In wake of pension cuts for retirees and state mandates on agency policy, law enforcement agencies in Ohio with 25 or less sworn full-time officers have come together to form the Ohio Small Police Department Association (OSPDA).
The idea behind the association began to form when Katherine Bobick, a grant writer for many small agencies, saw similar trends and problems that those agencies faced. As the now Executive Director, Bobick states, “The Association is committed to developing strong collaborative partnerships between small departments, and relationships that enable its members to provide a high level of service and to better protect, serve and support the people of their communities.”
The board was elected in its first official meeting on January 23, 2019. The Board consists of Brewster (OH) Chief Keith Creter as President, McArthur (OH) Chief Matt Kight as Vice President, New Washington (OH) Chief Jeremy Schick as Secretary, Wellington (OH) Chief Tim Barfield as Treasurer, Hamersville (OH) Chief Guy Sutton, Bucyrus (OH) Chief David Koepke and Crestline (OH) Chief Jeff Shook as Board Members.
Bobick points out that the OSPDA is speaking out regarding the Ohio Collaborative Standards that are being put into place. Citing “a profound impact on small
departments”, the OSPDA has released the following policy stand in regard to the Ohio Collaborative Standards.
“Running a small police department in Ohio comes with its own unique set of challenges, procedures and policies. While the Ohio Collaborative Standards may have positive intentions, it places unneeded strain on small departments. The Ohio Small Police Department Association believes that strong standards for police conduct and community engagement are vital components of our function. The Ohio Collaborative Community-Police Advisory Board and the standards they have drafted are not in the best interest of most small police departments in Ohio. Law enforcement can and should always be evaluating their community service. We deny that the responsibility for the majority of tensions in some communities’ rest solely on the shoulders of those in law enforcement.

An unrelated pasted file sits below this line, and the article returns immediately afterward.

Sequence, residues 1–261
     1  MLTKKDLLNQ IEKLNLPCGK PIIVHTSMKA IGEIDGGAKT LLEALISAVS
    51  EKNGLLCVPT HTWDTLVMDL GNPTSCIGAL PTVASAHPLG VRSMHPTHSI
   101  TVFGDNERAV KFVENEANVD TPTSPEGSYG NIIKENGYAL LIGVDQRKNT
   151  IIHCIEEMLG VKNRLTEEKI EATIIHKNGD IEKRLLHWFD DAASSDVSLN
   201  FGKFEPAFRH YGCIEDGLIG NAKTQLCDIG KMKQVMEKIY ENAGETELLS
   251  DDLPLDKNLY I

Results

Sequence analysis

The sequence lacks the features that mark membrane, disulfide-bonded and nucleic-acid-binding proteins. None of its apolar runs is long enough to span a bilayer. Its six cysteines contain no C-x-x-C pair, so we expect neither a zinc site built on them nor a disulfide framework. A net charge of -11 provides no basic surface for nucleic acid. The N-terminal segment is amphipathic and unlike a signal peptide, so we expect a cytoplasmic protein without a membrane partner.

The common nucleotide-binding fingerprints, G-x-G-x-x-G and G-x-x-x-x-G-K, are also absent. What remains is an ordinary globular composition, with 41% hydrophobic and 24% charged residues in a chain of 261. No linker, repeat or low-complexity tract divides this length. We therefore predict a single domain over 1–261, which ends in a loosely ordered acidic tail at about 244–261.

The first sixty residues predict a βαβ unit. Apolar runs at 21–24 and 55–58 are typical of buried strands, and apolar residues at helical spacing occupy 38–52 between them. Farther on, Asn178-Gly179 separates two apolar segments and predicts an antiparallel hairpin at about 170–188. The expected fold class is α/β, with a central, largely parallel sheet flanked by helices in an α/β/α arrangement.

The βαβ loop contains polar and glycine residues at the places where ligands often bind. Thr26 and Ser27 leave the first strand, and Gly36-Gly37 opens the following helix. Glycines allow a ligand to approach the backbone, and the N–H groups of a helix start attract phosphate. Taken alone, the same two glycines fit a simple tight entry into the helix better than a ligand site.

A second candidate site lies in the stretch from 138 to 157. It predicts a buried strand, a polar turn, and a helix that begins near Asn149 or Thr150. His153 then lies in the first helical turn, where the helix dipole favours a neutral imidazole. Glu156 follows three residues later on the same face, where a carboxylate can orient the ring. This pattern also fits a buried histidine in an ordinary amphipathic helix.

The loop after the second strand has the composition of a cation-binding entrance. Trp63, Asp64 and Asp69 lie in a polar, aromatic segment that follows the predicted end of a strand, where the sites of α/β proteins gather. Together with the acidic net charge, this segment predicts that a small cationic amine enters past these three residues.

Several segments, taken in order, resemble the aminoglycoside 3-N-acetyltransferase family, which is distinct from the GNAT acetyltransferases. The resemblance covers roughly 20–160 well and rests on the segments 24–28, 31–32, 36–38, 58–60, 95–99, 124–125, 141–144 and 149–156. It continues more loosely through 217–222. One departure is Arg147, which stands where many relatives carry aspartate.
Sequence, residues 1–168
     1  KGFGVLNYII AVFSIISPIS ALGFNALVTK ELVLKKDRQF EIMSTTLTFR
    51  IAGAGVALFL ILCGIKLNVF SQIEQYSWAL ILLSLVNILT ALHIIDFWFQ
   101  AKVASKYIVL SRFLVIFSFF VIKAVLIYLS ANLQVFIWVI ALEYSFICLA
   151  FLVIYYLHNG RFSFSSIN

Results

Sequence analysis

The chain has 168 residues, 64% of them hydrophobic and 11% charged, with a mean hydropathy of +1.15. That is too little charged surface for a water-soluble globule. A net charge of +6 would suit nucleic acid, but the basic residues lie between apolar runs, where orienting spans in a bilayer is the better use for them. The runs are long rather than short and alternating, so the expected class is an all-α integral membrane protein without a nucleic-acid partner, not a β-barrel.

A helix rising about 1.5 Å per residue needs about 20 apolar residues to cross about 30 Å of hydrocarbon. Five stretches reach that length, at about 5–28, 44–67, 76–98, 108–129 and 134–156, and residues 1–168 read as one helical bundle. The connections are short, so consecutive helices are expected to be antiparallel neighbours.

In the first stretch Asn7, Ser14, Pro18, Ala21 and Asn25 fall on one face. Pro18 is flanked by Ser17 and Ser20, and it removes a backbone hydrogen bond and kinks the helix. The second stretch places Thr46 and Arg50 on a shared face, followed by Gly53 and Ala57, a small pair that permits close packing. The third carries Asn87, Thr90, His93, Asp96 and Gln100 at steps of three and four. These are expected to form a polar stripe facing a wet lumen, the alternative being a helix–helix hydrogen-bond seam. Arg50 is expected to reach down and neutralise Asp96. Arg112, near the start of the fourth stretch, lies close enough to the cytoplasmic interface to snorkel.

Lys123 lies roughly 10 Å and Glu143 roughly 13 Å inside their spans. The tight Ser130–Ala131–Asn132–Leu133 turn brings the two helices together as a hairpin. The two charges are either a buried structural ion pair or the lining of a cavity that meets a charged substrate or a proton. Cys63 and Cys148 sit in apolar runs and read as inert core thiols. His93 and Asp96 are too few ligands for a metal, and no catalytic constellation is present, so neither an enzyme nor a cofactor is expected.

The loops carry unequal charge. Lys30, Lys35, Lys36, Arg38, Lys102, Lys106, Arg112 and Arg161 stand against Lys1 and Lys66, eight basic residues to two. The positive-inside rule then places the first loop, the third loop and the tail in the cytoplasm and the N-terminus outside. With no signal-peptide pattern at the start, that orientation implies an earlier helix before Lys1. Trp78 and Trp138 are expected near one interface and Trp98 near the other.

We recognize that there is a conflict between the Collaborative Standards and small departments that is forcing our voice to be heard. The “one-size fits all” approach to the standards generally point to issues larger departments may need to address, but as small departments we have not struggled with community
relations, in fact we specialize in it. The language of some standards unnecessarily burdens large and small departments with rules that conflict with case law.
Budgetary and staffing issues plague small departments. Individual departments are better served by determining the best way to spend their training
time, money and resources. The Ohio Small Police Department Association will work to develop policies and relationships so that we may help share the burdens and concerns of similar departments so that they will be able to meet their community’s needs in a responsible and respectful way.”
We originally told you about the Ohio Collaborative Standards in 2017 and praised Wellington (OH) Police Chief Tim Barfield for his stance on the issue. Chief Barfield is a leader in this organization and tells us that he was encouraged by the “leadership and courage” that members of the OSPDA board have shown thus far. “This board is full of courageous chiefs and leaders who care about their people more than their reputations. It is truly an honor to serve with them” Barfield told us in an exclusive interview.
Travis Yates is the Founder of the Courageous Leadership Institute and he calls the Ohio Small Police Department Association a model for every state. Citing a lack of leadership in many law enforcement organizations that has created one of the most toxic environments the profession has ever seen, Yates says that “small to mid-size agencies” will be the reason that law enforcement survives the onslaught of attacks, violence and poor policy decisions by weak leaders.
“Some of the finest leaders in law enforcement are sitting in agencies that may not have a household name but real leadership is happening and in the end it will be leadership that everyone, in every agency, will cling to,” Yates said.
Citing the Ohio Collaborative Standards that was driven by a few high profile incidents in large cities, Yates says that the “knee jerk reaction” of some to implement a solution for a problem that doesn’t exist in the vast majority of agencies is exactly why OSPDA must exists and he calls on every state to do the same.